Points Charts for Kids’ Behavior Issues: An Easy Method That’s Working for Us

Points Charts for Kids’ Behavior Issues: An Easy Method That’s Working for Us

We’ve been struggling with end-of-summer-unstructured-days-dysregulated kids (see previous post). A friend of mine, also a doc-mom of kids who fight with each other, shared the system that’s worked wonders for them: It’s a simple points system, with one, two, or three points awarded for acts 

I spent the entire day with my kids and didn’t yell/scream/spank/lose my mind

I spent the entire day with my kids and didn’t yell/scream/spank/lose my mind

I am so freaking proud of myself.   It’s the end of summer vacation. There’s no more camp, no routine. Sleep and wake schedules are wacky. These kids are kind of dysregulated.   And, Oh, they were terrible. They were at each other’s throats. There 

Our Little Fireworks Photographer

Our Little Fireworks Photographer

We were keeping an open mind, based our on prior experiences with fireworks displays. Babyboy is uncomfortable in crowds and overwhelmed by loud noises. Hubby has had to accompany the tortured child away from Fourth of July spectacles in the past.  Every year at the 

More Than Pirate Ships, Hermit Crabs, and Ice Cream: The Power of Positive Attitude

More Than Pirate Ships, Hermit Crabs, and Ice Cream: The Power of Positive Attitude

We could have easily given up and gone home and called it a complete waste of time, a casualty of poor planning. But it became one of the best family outings we’ve ever had! Because of some last-minute cancellations, we had an unexpectedly unscheduled Saturday.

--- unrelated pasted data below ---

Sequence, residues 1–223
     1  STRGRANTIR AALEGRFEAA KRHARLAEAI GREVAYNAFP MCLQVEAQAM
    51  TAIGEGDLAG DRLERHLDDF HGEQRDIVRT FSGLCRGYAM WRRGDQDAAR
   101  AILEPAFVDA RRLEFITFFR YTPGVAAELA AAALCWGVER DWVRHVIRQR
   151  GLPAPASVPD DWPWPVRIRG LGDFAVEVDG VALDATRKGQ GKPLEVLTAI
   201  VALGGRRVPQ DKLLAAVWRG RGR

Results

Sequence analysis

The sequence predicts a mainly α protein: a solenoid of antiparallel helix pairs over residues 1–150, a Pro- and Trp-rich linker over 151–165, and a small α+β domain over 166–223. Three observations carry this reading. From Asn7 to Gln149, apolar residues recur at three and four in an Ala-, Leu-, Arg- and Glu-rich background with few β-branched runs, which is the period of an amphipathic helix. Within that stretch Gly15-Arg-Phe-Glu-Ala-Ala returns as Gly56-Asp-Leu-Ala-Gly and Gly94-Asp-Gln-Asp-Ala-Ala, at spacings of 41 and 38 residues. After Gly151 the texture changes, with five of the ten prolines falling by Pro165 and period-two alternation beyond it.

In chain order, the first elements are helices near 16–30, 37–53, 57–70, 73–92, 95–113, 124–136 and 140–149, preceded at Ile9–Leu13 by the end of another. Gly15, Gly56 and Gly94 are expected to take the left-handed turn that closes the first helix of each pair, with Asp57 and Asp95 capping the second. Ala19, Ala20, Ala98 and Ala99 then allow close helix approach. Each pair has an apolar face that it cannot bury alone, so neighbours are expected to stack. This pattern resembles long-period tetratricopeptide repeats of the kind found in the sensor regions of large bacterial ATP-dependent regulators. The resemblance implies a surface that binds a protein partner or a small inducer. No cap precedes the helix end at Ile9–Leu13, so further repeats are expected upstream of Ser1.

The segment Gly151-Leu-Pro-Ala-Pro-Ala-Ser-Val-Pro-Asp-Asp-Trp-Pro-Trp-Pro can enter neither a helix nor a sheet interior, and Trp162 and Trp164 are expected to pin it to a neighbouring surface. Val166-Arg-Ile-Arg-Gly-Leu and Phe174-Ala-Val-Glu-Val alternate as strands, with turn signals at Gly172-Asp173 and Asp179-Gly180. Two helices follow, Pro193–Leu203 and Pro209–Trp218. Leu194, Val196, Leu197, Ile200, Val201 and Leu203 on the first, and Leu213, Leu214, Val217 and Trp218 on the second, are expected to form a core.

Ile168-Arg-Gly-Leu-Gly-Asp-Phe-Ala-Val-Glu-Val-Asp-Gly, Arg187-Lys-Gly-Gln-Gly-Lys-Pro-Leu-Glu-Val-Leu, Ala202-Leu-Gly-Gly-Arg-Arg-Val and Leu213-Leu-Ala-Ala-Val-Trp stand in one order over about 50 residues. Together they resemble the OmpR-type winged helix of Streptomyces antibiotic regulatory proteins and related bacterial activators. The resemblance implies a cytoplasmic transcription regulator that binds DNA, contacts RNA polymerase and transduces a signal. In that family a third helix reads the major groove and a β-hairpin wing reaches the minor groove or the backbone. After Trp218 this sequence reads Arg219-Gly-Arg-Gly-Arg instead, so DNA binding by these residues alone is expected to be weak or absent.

My kid is safer on the trampoline than your kid is on the jungle gym. 

My kid is safer on the trampoline than your kid is on the jungle gym. 

We’re athletic people who consider physical activity a priority for us and our kids. Babyboy, like many children with autism, would prefer to be quietly building Legos on the floor of our living room. His developmental pediatric team comments every year that his balance and 

Every Doctor-Mom Needs To Read This Essay

Every Doctor-Mom Needs To Read This Essay

I’m sharing this beautiful and powerful essay by a med school classmate, friend and hero. She writes about her invasive breast cancer diagnosis at age forty- one, and how it changed her life– for the better. 

How do we talk to our kids about Manchester?

How do we talk to our kids about Manchester?

Last night, well after I’d tucked her in and gone to bed, Babygirl got up and wandered downstairs. She loves to hang out with Daddy, watching sports, and she’ll fall asleep on the couch. But Hubby was watching CNN coverage of the suicide bombing in 

Cooking with kids: Three ways to encourage a lifetime of healthy food choices

Cooking with kids: Three ways to encourage a lifetime of healthy food choices

While it’s so important to nurture a love of plant foods in our children, it’s also important not to make eating a stressful event. When kids associate “food” with “anxiety”, bad things happen. I.E. eating disorders like emotional overeating. But we do want to encourage 

Autism post at Harvard Health Blog

Autism post at Harvard Health Blog

Last week, I wrote a post about our personal experience and preferred evidence-based approach to autism behavior therapy over on the Harvard Health Blog, titled: “A Strengths-based Approach to Autism“

We lost our s–t with the stranger who criticized our kid

We lost our s–t with the stranger who criticized our kid

…and I wrote all about it on the Mothers in Medicine group blog: We lost our s–t with the stranger who criticized our kid